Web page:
I entered the workforce around the age of 14 as a proud busser/hostess at Scuttlebutts – a restaurant in my hometown of Lake Geneva, Wisconsin. It was there that I learned the finer points of clearing tables, refilling drinks, and through gritted teeth, patiently telling demanding patrons that no, there was nothing I could to bump them up the list on our 40-minute wait.
You see, Lake Geneva is a town of about 8,000 people that swells to close to 20,000 in the summer, when droves of upper-class Chicagoans descend on the small town, hauling speed boats and jet skis behind their luxury vehicles. It was as obnoxious as it sounds.
Yet, those tourists were my bread and butter as I eventually became a waitress at Scuttlebutts. It was a good job that I held over many summers, but those were also some of the longest, hottest summer days of my life. Our tiny kitchen had no AC, so working there was an exercise in controlling back sweat. And one of my favorite ways to refuel while waiting for an order to be ready was to take in a huge spoonful from our industrial-sized cans of whipped cream.
I love whipped cream. Love it. Your average can of Redi-Whip has about a 4-day life span in my refrigerator, as I will come back again and again for just a little squirt, directly into my mouth of course. I cannot stay away from the stuff.
And we had plenty of it at Scuttlebutts because two of our specialties were Swedish pancakes…topped with berries and whipped cream of course…and key lime pie – also bejeweled with little pillows of the good stuff.
One of the greatest perks of working there was that key lime pie because it is a universal law that the first piece that you remove from a pie will fall apart to the point that it has no business being served to a paying guest. So the crumbled piece would be removed to a plate, where it would lie for approximately 6.9 seconds before everyone within a spoon’s reach would greedily descend on it.
I still love key lime pie, and I was eager to try to make it myself for the 10-Pie, 10-Pi Party because I was making three pies for the party already, and I wanted at least one of them to be made-ahead of time, waiting patiently in the fridge.
I settled on using this recipe from the Food Network after reading various other recipes and tips. This recipe seemed pretty authentic and do-able! I used actual key limes because my grocery store sells them, but regular limes would definitely work here if that’s all you can find.
Squeezing the key limes was not my favorite; I had to squeeze a whole pound of those tiny limes to get 2/3 c. of juice – so tackle that task when you’ve got some time and patience…and no paper cuts. But beyond squeezing those adorable little limes, this pie is, well, easy as pie. There’s really not much to it – a baked graham cracker crust, filled with key lime juice and zest, eggs, and sweetened condensed milk. A little baking, then some chill time in the refrigerator, and you’re good to go.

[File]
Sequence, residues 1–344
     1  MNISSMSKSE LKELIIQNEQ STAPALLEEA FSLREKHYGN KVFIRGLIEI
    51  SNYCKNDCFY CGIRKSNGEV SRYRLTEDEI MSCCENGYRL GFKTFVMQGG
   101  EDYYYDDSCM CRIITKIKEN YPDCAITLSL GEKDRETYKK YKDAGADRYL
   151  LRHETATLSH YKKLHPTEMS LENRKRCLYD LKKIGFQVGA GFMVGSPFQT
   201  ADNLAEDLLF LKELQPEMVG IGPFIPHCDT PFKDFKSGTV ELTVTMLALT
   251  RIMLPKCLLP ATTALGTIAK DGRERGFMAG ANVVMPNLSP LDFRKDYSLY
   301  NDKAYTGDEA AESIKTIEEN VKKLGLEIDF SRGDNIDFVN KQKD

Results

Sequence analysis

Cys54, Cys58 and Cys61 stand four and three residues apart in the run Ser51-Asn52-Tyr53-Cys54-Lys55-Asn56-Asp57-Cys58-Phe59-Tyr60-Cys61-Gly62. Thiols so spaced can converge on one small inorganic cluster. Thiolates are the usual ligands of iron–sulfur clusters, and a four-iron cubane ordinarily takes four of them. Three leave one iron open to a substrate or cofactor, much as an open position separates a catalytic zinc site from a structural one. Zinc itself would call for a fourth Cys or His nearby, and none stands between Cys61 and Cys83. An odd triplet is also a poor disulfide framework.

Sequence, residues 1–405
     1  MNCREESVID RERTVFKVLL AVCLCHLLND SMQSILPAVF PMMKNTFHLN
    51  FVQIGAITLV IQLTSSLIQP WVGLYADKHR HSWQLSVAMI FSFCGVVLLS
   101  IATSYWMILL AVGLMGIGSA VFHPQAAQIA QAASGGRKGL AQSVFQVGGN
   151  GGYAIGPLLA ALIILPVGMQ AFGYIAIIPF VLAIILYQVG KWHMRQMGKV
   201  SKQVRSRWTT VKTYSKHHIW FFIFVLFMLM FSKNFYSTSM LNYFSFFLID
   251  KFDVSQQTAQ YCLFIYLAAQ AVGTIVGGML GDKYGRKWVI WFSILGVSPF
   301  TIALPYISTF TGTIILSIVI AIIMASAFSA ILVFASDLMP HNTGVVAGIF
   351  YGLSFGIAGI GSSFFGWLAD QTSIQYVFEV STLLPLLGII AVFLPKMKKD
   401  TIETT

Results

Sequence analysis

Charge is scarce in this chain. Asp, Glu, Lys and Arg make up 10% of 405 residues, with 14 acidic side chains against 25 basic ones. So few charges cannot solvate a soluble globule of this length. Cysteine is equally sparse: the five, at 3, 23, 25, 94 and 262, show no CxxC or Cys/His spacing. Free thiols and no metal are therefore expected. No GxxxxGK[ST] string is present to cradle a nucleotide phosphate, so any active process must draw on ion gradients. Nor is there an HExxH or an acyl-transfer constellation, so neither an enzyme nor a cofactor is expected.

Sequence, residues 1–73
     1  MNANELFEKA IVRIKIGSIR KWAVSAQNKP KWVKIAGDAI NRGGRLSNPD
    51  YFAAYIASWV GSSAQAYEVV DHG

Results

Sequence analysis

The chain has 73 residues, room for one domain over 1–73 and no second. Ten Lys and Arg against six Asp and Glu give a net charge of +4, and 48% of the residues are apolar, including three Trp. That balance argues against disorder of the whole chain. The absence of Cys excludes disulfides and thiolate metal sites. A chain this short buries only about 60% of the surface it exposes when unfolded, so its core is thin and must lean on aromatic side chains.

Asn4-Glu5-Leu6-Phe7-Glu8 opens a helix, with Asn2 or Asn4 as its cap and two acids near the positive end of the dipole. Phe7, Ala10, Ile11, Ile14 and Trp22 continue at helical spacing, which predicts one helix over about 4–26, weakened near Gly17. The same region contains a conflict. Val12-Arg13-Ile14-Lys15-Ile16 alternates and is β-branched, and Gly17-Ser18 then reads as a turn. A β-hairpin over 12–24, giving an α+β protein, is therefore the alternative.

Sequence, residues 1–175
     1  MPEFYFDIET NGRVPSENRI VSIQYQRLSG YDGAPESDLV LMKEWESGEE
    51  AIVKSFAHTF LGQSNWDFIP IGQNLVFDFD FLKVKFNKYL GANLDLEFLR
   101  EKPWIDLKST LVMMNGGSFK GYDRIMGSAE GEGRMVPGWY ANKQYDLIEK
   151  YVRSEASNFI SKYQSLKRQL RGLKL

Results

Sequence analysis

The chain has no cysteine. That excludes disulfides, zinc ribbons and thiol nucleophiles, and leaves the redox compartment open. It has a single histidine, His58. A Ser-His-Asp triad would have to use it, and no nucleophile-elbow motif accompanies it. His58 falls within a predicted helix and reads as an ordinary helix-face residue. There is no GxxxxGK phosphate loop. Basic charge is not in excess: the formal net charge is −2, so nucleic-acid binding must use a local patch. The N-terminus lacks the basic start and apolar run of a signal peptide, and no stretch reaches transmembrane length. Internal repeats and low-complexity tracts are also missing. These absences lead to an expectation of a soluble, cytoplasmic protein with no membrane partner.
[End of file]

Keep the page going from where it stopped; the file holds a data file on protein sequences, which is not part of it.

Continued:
I suggest topping the pie with your whipped cream just before serving. You’ll notice in these pictures that my whipped cream got a little melty, and my only excuse for that is that I’d spent the previous nine hours preparing our house and backyard for forty people to stop by and eat pies, two of which I made myself that same day, all while kind of forgetting to eat anything beyond pie scraps throughout the day, only remembering at the last minute to feed my toddler son some scraps of deli ham and cheese so he wouldn’t pass out.. So we were a little rushed taking these pictures in the 80* heat – thus, melty whipped cream.
If you are a more prepared individual than I, I suggest topping it with your whipped cream and then throwing it in the freezer for about 20 minutes before serving to really firm everything up.
(recipe from The Food Network )
(yields one 9-inch pie)
This recipe for authentic key lime pie is easy and a perfect pie for summer. Real key limes are preferred, but regular limes can definitely be used if you are unable to find key limes!
Graham Cracker Crust:
1 cup plus 2 1/2 tablespoons graham cracker crumbs
5 tablespoons melted unsalted butter
1/3 cup sugar
3 egg yolks
1 1/2 teaspoons grated lime zest
1 (14-ounce) can sweetened condensed milk
2/3 cup freshly squeezed key lime juice (from about 1 lb. key limes)*
Topping: Whipped Cream
What you see pictured here are dollops of Red-Whip topped with half-moons of key limes.
*Use regular limes if you you are unable to find key limes.
Graham Cracker Crust:
Preheat the oven to 350 degrees.
Grease a 9-inch pie pan.
Mix the grahaam cracker crumbs, melted butter, and sugar until thoroughly combined. Press the mixture into the bottom and sides of the pan, forming a neat border around the edge. Bake the crust until set and golden, 8 minutes. Set aside on a wire rack. Leave the oven on.
For the filling:
Meanwhile beat the egg yolks and lime zest at a high speed (best with an electric mixer) until very fluffy, about 5 minutes. Gradually add the condensed milk and continue to beat until thick, 3 or 4 minutes longer. Lower the mixer speed and slowly add the lime juice, mixing just until combined, no longer. Pour mixture into the pie crust. Bake for 10 minutes, or until the filling has set. Cool on a wire rack, then refrigerate.
For the topping:
Top with whipped cream and lime wedges in desired pattern. Freeze pie for 20 minutes before serving.